Government and academe level up job and skills matching, DOLE to observe Career Guidance Week every July.
“With the continuous improvement of the country’s business climate and the labor market situation, the government will brook no obstacles and will be twice as intense in the previous years in addressing the job-skills mismatch in the country.”
This was the statement of Labor and Employment Secretary Rosalinda Dimapilis-Baldoz, as she sounded anew the government’s intensified efforts to create a competent pool of workforce through one of many strategies—the observance of Career Guidance Week for secondary students.
“The government is steadfast in conducting roundtable discussions and consultations on policy inconsistencies and administrative inefficiencies that hinder job creation; and one way to show that we are moving forward is the observance of Career Guidance Week on month of July.
The observance of Career Guidance Week is part of the Career Guidance Advocacy Program (CGAP), a convergent program of spearheaded by the Human Development and Poverty Reduction (HDPR) Cluster. The CGAP seeks to address the job-skills mismatch problem.
Its implementation is led by the Department of Education (DepED), in collaboration with the CGAP-Working Group—composed of the DOLE, Commission on Higher Education (CHED), Department of Education (DepEd), Department of Science and Technology (DOST), Professional Regulations Commission (PRC), and Technical Education and Skills Development Authority (TESDA).
Citing DepEd’s Department Order No. 25, s. 2013, which declares the observance of the Career Guidance Week, Baldoz said “the direction of one’s career path can be strengthened in the presence of career advocacy program that defines various jobs which are considered marketable.”
“The observance of Career Guidance Week in all High Schools starting the year 2013 is envisioned to prevent too much waste of resources in producing graduates in the tertiary level, as well as in technical vocational level who could not meet the qualification standards for the labor market,” she added.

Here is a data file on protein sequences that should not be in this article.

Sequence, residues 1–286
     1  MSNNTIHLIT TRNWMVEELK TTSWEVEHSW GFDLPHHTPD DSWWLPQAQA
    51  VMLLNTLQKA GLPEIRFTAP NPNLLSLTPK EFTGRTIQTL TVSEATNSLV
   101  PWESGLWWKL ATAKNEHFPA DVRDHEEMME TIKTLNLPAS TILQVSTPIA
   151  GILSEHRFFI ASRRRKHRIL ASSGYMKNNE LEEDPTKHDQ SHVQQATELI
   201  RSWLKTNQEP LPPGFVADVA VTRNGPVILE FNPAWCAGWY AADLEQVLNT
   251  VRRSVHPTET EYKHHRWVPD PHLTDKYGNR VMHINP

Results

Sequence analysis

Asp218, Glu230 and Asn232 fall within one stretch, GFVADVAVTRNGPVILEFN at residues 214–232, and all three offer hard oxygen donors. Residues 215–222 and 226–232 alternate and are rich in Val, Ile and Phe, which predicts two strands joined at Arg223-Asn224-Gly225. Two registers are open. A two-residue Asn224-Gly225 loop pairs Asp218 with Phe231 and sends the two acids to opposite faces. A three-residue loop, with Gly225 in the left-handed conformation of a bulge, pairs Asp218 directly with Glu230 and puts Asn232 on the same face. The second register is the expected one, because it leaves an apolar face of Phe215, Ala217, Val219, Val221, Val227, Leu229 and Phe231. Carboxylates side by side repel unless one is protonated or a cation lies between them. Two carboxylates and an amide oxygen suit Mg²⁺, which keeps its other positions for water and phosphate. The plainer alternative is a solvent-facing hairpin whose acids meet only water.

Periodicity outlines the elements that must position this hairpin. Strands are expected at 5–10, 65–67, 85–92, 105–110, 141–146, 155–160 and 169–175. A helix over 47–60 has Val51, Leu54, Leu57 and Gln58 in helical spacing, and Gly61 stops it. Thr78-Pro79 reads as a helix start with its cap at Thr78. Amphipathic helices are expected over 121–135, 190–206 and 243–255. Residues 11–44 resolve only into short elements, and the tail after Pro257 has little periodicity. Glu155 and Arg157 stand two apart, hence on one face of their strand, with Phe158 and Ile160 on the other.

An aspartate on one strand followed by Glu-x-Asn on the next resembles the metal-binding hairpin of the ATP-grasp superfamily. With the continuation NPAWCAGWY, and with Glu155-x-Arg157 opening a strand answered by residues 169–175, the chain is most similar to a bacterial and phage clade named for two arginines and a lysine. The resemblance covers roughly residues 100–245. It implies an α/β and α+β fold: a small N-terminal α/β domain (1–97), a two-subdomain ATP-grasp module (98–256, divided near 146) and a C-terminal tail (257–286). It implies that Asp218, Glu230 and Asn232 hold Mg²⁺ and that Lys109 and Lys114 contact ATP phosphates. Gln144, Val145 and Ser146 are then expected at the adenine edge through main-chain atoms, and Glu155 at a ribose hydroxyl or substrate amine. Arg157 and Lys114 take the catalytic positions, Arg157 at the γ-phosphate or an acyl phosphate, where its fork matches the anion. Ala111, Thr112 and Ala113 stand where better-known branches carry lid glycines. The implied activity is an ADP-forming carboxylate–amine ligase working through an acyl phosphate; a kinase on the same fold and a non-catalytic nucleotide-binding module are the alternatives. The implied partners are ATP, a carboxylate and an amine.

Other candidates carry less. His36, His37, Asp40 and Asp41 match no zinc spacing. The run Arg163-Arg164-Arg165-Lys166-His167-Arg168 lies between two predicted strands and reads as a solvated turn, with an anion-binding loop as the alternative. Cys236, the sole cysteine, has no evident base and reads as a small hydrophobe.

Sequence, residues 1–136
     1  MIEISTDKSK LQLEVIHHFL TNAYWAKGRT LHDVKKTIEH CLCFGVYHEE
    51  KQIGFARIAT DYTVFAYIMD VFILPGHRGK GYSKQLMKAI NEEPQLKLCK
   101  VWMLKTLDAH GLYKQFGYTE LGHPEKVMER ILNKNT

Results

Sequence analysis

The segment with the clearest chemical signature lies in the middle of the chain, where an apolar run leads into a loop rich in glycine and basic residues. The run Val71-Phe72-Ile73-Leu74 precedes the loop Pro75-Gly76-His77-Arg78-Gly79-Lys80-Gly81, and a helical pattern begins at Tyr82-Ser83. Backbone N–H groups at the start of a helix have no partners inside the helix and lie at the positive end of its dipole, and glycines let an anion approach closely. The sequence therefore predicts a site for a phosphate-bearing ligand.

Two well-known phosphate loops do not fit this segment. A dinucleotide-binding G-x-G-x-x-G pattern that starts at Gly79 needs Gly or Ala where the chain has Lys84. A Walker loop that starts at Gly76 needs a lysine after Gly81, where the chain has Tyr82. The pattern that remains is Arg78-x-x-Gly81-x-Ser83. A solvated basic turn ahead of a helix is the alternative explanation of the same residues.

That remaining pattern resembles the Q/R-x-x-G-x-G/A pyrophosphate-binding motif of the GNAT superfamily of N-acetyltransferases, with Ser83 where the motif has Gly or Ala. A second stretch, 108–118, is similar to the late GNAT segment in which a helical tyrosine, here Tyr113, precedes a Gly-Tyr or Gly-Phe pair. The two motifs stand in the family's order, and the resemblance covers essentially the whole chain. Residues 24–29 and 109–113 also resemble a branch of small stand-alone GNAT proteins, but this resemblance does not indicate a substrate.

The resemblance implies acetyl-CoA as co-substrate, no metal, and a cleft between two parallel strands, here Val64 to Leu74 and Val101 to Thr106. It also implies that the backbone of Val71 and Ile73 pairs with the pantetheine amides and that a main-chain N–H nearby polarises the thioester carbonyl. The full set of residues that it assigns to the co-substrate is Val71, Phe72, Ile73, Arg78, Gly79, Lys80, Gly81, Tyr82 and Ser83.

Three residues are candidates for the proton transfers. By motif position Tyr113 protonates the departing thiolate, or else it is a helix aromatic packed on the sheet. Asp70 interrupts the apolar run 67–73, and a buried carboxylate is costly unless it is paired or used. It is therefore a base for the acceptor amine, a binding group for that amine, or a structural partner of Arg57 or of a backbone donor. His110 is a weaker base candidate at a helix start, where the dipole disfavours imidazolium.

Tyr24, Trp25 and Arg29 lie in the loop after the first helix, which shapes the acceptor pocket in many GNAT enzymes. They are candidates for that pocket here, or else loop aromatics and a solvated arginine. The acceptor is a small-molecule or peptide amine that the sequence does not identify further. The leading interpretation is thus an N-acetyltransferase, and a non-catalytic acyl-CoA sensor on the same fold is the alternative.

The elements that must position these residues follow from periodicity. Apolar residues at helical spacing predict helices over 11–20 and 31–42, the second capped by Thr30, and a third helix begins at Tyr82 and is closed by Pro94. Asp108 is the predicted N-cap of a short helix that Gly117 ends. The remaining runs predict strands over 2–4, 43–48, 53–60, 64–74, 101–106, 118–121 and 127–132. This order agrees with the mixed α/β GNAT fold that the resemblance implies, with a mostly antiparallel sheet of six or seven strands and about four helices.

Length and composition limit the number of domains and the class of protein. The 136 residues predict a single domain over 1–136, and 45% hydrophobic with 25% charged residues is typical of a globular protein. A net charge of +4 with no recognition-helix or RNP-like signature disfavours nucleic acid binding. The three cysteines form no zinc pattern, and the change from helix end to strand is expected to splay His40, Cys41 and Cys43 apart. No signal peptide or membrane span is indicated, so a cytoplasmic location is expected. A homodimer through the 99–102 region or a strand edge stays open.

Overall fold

At the end of the five-day event, as stated in the guidelines, the students shall have acquired information on the following: (1) discovering one’s strengths and developing awareness; (2) the qualification standards for all types of career jobs; and (3) making informed decisions on a career choice.
It also aims to develop awareness and appreciation on the available jobs in the labor market which is in lined with their needs and interests.
“Ultimately, the event seeks to make the students experience the careers they are aiming at,” Baldoz said.
“Through this observance, we expect hundreds of thousands of students trooping to colleges and universities in the next school year to already have a fair idea of the labor market that will gear them up towards right career choices,” she added.
The conduct of Career Guidance Week is in-line with the goal of the K-12 Basic Education Program to produce graduates who are ready for higher education, middle level skills development, employment, and entrepreneurship.
High school students from Grade 7 to 12are required to participate, accompanied by their parents or guardians, academe, and other stakeholders. From here on, the event shall be held every last week of July of every academic year.
In order to prepare Career Guidance Week implementors, the Professional Regulation Commission will host a Capacity Building Seminar-Workshop for public and private guidance counselors, principals and school superintendents from the different regions, teachers and other career guidance advocates this 24-25 June.
At the of the 3-day seminar-workshop, the participants will be able to achieve the following: (1) discuss the different career development student competencies, models and implications to the Career Guidance Week activities; (2) demonstrate facilitating skills relevant to and appropriate for the CGW activities; (3) apply the decision-making steps/procedures; (4) use and integrate the needed information about the students/clients, regulated professions, technical-vocational jobs and current LMI for coming up with adequate and well-informed career decisions; (5) explain the appropriate ethical standards related to the CGW activities; and (6) demonstrate the ability to be culturally sensitive and responsive to students/clients.
Towards this end, the labor and employment chief said she anticipates sustained positive action from the government and its tripartite partners, saying that by working together, inclusive economic growth and sustainable development can be fast achieved.
“With the right knowledge about the labor market, we make our students—our future workforce—armed and ready.”
The efforts of DOLE in addressing jobs and skills mismatch is in-line with President Benigno S. Aquino III’s 22-point labor and employment agenda, whose overarching goal is to invest in the country’s human resource to make them more competitive and employable. # Adapted News - DOLE